It is noted in the same document that an insurance company generally has the right to subrogate (or take legal action against). When a Waiver of Subrogation clause is present in a contract or required by a client/employer, the intention is that subrogation rights of the insurer are waived and the insurer is unable to take legal action and recover damages against the third party responsible for the loss.

A waiver of subrogation rights is included in some standard contract forms, such as the NEC3 and NEC4 Engineering and Construction Contract.  An insured party must not enter into an agreement with any third party that will prevent the Insurer recovering any applicable loss.  It is therefore important that they either remove any waiver clauses or confirm with their insurers that the waiver will not affect their cover on a contract.

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Key considerations before winding down your company

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Article drafted by James Hutchinson and Sophie-Rose Bowen from Beale & Co.

This article will consider the following:

1. Matters to consider before closing down your company;

2. Obligations to ensure that your company is insured once it has ceased trading; and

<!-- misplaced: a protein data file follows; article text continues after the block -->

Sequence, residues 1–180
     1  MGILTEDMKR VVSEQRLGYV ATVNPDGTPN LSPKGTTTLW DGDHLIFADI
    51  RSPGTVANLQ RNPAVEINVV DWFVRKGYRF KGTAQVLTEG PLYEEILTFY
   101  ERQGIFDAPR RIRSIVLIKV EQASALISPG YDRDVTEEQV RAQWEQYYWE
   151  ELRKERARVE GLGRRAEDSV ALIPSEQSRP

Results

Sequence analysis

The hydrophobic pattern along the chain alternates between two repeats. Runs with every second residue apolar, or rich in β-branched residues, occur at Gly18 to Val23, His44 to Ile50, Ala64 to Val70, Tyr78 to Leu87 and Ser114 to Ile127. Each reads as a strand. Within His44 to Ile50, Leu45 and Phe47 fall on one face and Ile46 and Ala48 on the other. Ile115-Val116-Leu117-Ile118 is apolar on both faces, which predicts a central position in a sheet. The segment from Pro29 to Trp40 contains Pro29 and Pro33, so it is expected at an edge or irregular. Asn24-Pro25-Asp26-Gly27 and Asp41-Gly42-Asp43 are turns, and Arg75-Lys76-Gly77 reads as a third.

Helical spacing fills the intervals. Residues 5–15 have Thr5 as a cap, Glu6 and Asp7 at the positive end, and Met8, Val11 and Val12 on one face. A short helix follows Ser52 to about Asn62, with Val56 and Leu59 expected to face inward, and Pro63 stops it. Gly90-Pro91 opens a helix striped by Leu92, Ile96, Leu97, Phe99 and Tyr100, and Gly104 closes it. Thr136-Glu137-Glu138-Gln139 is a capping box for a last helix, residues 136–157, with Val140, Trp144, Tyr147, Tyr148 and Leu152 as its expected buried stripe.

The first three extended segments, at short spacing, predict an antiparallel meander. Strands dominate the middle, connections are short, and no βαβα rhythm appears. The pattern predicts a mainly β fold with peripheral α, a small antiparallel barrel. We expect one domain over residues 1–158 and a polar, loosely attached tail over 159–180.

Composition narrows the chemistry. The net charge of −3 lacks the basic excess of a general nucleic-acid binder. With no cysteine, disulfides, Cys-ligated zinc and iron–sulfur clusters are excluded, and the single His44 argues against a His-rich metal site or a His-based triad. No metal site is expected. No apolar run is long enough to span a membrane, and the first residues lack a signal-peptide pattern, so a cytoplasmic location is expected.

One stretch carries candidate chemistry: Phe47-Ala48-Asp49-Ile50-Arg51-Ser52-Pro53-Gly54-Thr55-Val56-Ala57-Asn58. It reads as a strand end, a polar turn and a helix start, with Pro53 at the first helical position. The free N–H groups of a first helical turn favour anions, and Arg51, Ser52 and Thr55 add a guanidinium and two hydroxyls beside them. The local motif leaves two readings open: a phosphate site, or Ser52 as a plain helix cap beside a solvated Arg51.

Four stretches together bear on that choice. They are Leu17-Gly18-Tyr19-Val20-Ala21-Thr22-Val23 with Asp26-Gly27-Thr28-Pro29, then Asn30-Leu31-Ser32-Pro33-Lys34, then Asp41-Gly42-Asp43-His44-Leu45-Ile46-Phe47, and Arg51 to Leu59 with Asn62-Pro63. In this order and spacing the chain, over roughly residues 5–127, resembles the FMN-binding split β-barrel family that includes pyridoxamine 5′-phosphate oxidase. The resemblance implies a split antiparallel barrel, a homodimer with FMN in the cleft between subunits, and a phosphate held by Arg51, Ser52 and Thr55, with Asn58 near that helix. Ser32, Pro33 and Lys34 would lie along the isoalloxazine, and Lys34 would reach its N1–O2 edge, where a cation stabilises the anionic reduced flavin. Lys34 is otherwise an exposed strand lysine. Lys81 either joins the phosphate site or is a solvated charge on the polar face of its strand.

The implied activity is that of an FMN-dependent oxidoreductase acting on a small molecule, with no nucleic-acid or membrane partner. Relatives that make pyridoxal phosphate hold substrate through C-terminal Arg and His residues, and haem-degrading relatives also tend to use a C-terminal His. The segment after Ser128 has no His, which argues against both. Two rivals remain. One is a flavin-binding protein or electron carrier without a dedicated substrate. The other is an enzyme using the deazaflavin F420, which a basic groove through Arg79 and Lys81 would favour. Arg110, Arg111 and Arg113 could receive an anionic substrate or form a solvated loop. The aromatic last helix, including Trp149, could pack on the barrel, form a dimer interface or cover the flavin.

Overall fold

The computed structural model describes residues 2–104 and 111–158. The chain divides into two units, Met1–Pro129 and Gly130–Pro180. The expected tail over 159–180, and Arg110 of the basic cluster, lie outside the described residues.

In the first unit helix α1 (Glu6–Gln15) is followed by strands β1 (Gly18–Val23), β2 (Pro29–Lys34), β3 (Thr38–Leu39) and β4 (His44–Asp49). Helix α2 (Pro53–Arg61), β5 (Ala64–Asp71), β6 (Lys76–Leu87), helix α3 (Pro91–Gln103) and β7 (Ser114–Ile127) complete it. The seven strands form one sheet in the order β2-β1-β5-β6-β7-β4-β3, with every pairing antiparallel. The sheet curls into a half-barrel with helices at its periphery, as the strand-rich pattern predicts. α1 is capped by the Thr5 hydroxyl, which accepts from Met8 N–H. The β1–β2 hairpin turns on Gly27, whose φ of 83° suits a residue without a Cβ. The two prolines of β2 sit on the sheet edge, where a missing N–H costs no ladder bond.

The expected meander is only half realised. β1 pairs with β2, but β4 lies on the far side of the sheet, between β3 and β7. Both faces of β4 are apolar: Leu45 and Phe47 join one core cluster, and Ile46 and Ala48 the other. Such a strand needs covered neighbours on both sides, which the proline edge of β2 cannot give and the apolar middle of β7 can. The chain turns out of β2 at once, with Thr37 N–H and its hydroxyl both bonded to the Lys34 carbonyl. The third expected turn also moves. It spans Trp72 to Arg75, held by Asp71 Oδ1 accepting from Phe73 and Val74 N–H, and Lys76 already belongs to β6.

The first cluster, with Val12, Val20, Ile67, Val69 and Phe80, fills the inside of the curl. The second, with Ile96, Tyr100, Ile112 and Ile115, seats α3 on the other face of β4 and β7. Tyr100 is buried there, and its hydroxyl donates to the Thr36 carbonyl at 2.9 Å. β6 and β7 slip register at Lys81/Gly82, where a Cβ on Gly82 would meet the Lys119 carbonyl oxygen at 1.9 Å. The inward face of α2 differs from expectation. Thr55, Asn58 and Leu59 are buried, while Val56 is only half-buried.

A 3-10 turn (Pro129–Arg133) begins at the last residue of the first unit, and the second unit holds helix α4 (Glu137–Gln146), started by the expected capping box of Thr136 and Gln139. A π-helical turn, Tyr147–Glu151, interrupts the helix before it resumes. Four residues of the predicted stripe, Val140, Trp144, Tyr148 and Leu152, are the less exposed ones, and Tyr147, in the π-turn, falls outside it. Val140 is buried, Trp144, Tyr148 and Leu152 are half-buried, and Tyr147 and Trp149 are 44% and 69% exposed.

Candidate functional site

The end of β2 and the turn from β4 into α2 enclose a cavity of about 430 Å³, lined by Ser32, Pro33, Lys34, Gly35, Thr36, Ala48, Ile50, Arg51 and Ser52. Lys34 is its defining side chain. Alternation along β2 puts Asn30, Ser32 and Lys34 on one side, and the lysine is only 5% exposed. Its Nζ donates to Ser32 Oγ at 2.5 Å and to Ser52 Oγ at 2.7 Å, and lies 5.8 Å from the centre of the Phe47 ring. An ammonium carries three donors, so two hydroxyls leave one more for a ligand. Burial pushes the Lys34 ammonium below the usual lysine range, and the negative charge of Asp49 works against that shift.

3. Why it is important to protect your company against future claims that arise once your company has ceased trading.

1. Matters to consider before closing down your company

Procedure

In terms of how to wind down your company, there are various methods available. For the purposes of this article, we will assume the company is solvent at the time of closure.

Strike-off

You may choose to voluntarily strike your firm off the Companies Register maintained by Companies House register using the method known as “voluntary strike-off” (in accordance with section 1003 of the Companies Act 2006). Note that you will need to distribute all cash and assets in the company before the company is dissolved as otherwise such assets will vest bona vacantia i.e. belong to the Crown.

This method of dissolution is often an attractive procedure as it is relatively quick, straightforward and cost-effective. Once a company is struck off the register it is deemed to be dissolved and there is no longer a legal entity (and therefore there is no one to sue).

However, note that despite the company’s strike-off and dissolution, future claimants can apply to restore the company to the register at any time, if they have claims against the company.

Although a company does not have to formally discharge all of its liabilities before it is struck off, it must however notify all contingent and prospective creditors (which would include a party to whom an existing obligation is owed but in respect of which a present liability has not arisen and may never arise e.g. a potential claim). Note that failure to inform such creditors would constitute an offence under the Companies Act 2006. It will be an aggravated offence punishable by a term of imprisonment if the person’s failure to perform this duty is with the intention of concealing the application.

Solvent liquidation